Volume 1: Letters written on active service, A-L, 1914-1919 - Page 163
We get on very well with the local inhabitants which are mostly Syrians, & a few speak a little English which they learned at the American Colleges in Beirout in pre war days.
Of course there are all classes of people here, and some are highly educated & as white in the skin as anybody.
But the condition of the populace in general is deplorable, they are literally starving & devoid of clothes. We have read in the papers of the sufferings of the people of Syria & Palestine & the want of relief, but one has only to go to any village to see even children dead on the roadside. Died of starvation & cold.
The British government is feeding probably today more people in Syria & Palestine than there are soldiers here, & that amounts to some tens of thousands.
Thousands of people are absolutely destitute & it is heart breaking to see both young & old on the roadside begging for food. Many a time I have given my rations to little children on the roadside to save them from dying there and then.
I am sure if the people of Australia could only see the conditions prevailing here in Syria at the present time they would contribute liberally to relieve these poor unfortunate people, in providing food & clothing for them.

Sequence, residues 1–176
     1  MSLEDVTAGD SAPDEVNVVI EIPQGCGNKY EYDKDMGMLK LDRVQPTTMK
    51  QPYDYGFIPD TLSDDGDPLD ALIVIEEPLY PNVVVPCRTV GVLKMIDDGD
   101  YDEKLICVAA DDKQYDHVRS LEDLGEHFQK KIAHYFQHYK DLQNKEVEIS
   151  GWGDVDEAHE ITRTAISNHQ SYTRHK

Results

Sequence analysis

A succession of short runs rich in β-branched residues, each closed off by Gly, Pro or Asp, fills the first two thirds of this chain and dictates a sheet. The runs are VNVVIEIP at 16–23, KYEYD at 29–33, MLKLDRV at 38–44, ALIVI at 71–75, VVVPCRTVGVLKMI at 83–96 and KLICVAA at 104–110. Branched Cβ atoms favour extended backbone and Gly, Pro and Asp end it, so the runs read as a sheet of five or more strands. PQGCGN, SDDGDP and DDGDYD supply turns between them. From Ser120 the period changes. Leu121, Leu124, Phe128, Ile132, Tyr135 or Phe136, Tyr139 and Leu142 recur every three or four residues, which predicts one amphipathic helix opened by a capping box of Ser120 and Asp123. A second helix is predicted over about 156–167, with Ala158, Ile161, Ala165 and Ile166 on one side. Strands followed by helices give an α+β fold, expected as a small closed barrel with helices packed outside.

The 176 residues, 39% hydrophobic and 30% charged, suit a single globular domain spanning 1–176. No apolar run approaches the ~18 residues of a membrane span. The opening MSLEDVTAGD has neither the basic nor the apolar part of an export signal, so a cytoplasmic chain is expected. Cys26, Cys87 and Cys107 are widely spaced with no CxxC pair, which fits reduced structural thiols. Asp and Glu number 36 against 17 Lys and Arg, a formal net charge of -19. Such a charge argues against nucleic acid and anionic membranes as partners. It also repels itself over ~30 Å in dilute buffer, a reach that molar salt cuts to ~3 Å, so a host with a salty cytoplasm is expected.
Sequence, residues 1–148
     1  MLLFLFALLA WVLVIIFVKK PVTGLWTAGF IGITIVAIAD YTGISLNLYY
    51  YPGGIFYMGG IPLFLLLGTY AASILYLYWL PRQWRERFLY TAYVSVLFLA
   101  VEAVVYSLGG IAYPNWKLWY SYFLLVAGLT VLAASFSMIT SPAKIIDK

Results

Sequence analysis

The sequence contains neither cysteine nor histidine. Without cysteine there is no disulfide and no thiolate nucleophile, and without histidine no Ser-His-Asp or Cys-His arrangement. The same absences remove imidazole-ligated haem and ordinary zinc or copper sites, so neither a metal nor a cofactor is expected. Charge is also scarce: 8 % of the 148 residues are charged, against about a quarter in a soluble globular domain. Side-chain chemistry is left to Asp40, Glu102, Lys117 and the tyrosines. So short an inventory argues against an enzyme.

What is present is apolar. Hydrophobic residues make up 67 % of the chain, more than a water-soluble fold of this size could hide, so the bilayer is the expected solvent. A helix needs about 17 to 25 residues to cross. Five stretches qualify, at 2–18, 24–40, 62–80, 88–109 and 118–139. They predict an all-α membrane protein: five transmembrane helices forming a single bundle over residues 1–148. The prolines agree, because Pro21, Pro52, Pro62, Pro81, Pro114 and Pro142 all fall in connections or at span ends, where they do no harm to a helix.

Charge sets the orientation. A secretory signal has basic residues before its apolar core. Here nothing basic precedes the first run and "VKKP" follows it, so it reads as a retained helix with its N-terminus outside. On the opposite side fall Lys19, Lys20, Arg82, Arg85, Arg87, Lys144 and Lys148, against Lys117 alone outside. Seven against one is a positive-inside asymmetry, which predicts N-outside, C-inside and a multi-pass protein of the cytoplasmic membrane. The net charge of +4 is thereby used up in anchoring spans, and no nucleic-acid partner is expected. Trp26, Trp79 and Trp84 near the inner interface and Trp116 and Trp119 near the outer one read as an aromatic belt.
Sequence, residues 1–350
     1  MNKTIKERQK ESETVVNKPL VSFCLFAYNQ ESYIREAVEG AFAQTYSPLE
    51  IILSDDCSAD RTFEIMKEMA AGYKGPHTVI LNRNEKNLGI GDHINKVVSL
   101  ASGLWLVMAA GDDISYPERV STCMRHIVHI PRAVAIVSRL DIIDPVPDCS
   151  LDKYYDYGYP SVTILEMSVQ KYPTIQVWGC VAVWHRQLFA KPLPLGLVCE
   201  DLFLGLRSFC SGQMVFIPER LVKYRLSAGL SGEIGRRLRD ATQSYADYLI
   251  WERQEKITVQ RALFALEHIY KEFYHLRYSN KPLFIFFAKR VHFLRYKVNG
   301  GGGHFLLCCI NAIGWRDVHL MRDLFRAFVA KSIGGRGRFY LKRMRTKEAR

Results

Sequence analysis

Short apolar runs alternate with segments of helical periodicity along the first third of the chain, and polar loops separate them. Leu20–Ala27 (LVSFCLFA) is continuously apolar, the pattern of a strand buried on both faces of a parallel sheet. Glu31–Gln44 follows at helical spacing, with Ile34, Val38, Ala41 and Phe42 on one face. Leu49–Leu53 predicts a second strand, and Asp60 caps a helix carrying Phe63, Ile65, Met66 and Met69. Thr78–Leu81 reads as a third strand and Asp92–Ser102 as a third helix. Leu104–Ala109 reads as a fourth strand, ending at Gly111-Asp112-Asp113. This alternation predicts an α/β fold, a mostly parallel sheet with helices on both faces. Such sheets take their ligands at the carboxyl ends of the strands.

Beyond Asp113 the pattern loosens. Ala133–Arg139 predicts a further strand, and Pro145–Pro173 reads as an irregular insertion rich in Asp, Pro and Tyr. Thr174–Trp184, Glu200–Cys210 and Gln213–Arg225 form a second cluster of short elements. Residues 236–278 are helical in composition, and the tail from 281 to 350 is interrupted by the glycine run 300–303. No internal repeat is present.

And yet in the midst of all the misery & destitution there are some people who, apparently are well off from all appearances, but they don't seem to try to help the unfortunate ones in any respect, they simply expect us to do it. I suppose they are accustomed to seeing people in this condition.
However I will be glad when we leave this country as I have seen pretty well all there is to see both in the Holy Land & Syria.
We hear the French are going to take over the administration of Syria & the British are to take over Palestine.
We are expecting to move down to Palestine early in January, but cannot leave until French troops take over here.
Beirout is a very busy place now & quite European, quite different to other cities in this country.
Each day large ships are berthed there discharging cargoes. The French have already open about a dozen shops in Beirout